Putting It All Together
The link between heart disease and type 2 diabetes is stronger—and more complex—than you may realize. If you have diabetes, you know there's a lot to think about when it comes to reducing your risk of serious complications. But did you know that heart disease is one of those complications?
Heart attacks strike people who have diabetes twice as often as those without the condition, and two out of three people who have diabetes will ultimately die of a heart attack or a stroke. These are sobering statistics, but they don't have to be a window into your future.
Recognizing heart disease as a common complication of diabetes can help motivate you to make healthier choices and be more assertive in how you manage your condition.
"People who develop diabetes and those who develop heart disease share a number of risk factors, including smoking, family history of heart disease, high blood pressure and high cholesterol," says Larissa Avilés-Santa, MD, an endocrinologist and a spokeswoman for the National Heart, Lung, and Blood Institute.
What Are the Consequences?
For people who have diabetes, the development of heart disease takes their already high-risk condition into the red zone. Dr. Avilés-Santa explains a few of the ways heart disease can have a profoundly negative effect on your health:
Heart attack. For some people who have diabetes, the risk of having a heart attack is very real. "People with diabetes often do not experience the traditional symptoms of a heart attack," Dr. Avilés-Santa says, "so it's especially important to pay attention to any symptom that seems out of the ordinary."
Congestive heart failure. As heart disease progresses, the heart muscle tends to get weaker and pumps blood less effectively, which can leave you feeling persistently weak and short of breath. The heart may ultimately stop working.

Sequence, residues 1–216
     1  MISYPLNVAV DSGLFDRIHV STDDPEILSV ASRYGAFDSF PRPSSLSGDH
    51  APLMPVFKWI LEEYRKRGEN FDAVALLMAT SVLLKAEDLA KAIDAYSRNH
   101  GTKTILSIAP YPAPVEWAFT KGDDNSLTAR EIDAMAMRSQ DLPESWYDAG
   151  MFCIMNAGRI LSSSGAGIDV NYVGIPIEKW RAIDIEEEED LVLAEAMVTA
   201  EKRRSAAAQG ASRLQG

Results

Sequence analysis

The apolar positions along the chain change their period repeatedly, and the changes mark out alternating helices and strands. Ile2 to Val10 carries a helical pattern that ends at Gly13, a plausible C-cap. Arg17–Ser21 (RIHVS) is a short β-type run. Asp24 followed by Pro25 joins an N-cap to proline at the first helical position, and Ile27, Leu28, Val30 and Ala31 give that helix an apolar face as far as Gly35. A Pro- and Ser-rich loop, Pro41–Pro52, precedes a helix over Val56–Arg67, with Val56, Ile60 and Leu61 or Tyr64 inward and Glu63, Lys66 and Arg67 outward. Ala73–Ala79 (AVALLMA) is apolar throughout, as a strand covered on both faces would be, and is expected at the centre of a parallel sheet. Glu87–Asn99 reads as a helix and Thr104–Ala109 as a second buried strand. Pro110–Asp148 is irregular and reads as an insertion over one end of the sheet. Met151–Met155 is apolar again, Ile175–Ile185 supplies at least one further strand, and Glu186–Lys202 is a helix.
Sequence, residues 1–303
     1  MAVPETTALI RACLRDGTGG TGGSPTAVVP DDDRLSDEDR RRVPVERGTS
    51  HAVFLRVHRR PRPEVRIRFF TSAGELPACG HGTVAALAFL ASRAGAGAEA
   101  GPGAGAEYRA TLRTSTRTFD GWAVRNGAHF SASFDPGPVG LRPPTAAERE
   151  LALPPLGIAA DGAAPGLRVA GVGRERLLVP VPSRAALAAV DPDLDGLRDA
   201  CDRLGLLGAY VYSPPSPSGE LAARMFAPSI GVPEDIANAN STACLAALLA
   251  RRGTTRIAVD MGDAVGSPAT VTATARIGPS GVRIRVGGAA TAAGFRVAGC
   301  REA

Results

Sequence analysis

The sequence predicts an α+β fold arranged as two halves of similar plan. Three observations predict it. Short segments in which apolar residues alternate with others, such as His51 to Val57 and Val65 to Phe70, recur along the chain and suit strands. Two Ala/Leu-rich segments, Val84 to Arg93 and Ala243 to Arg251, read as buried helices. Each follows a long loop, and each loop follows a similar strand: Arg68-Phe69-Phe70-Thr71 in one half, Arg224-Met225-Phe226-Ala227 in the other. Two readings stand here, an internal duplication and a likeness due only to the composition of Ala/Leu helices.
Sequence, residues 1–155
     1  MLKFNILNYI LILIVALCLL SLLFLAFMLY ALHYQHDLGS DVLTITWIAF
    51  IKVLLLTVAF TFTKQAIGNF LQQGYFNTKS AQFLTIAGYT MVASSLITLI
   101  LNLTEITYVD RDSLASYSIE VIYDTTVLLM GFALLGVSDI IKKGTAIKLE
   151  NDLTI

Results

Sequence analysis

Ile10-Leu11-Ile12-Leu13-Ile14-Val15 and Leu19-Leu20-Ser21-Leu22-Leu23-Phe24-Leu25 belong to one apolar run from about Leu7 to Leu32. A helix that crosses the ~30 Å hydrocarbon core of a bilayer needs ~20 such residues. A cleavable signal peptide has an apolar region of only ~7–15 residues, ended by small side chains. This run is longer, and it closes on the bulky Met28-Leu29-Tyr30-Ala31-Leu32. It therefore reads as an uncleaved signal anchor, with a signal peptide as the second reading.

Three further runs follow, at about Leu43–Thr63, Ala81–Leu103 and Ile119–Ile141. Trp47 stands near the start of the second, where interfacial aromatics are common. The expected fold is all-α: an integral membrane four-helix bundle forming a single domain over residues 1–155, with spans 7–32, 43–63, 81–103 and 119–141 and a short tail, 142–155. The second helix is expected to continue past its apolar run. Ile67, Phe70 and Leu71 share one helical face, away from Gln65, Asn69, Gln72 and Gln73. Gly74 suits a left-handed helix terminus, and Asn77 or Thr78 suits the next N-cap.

Stroke and peripheral artery disease. "Because people with diabetes are susceptible to atherosclerosis [narrowing and hardening of the arteries], they are also at higher risk of stroke and diminished blood flow to the limbs, also known as peripheral artery disease," Dr. Avilés-Santa says.
So What Can You Do About It?
Reducing your risk of heart disease and other diabetes-related complications begins with staying on top of your condition.
Know your ABCs. A is for A1C, or estimated average glucose levels, B is for blood pressure, and C is for cholesterol. By keeping those numbers in the healthy range, you can effectively protect your heart.
Make your health a priority. Leading a healthy lifestyle—including being physically active, not smoking, maintaining a healthy weight and eating a nutritious and balanced diet—can go a long way toward reducing your risk of heart disease and keeping your diabetes in check.
Talk to your doctor. At the end of the day, every person's health situation is unique. "Your doctor can help you identify ways to successfully manage your diabetes and reduce your risk of complications, including heart disease," Dr. Avilés-Santa says. "Speak candidly with your healthcare provider about how you're doing managing your diabetes and other health conditions, and express any concerns you may have."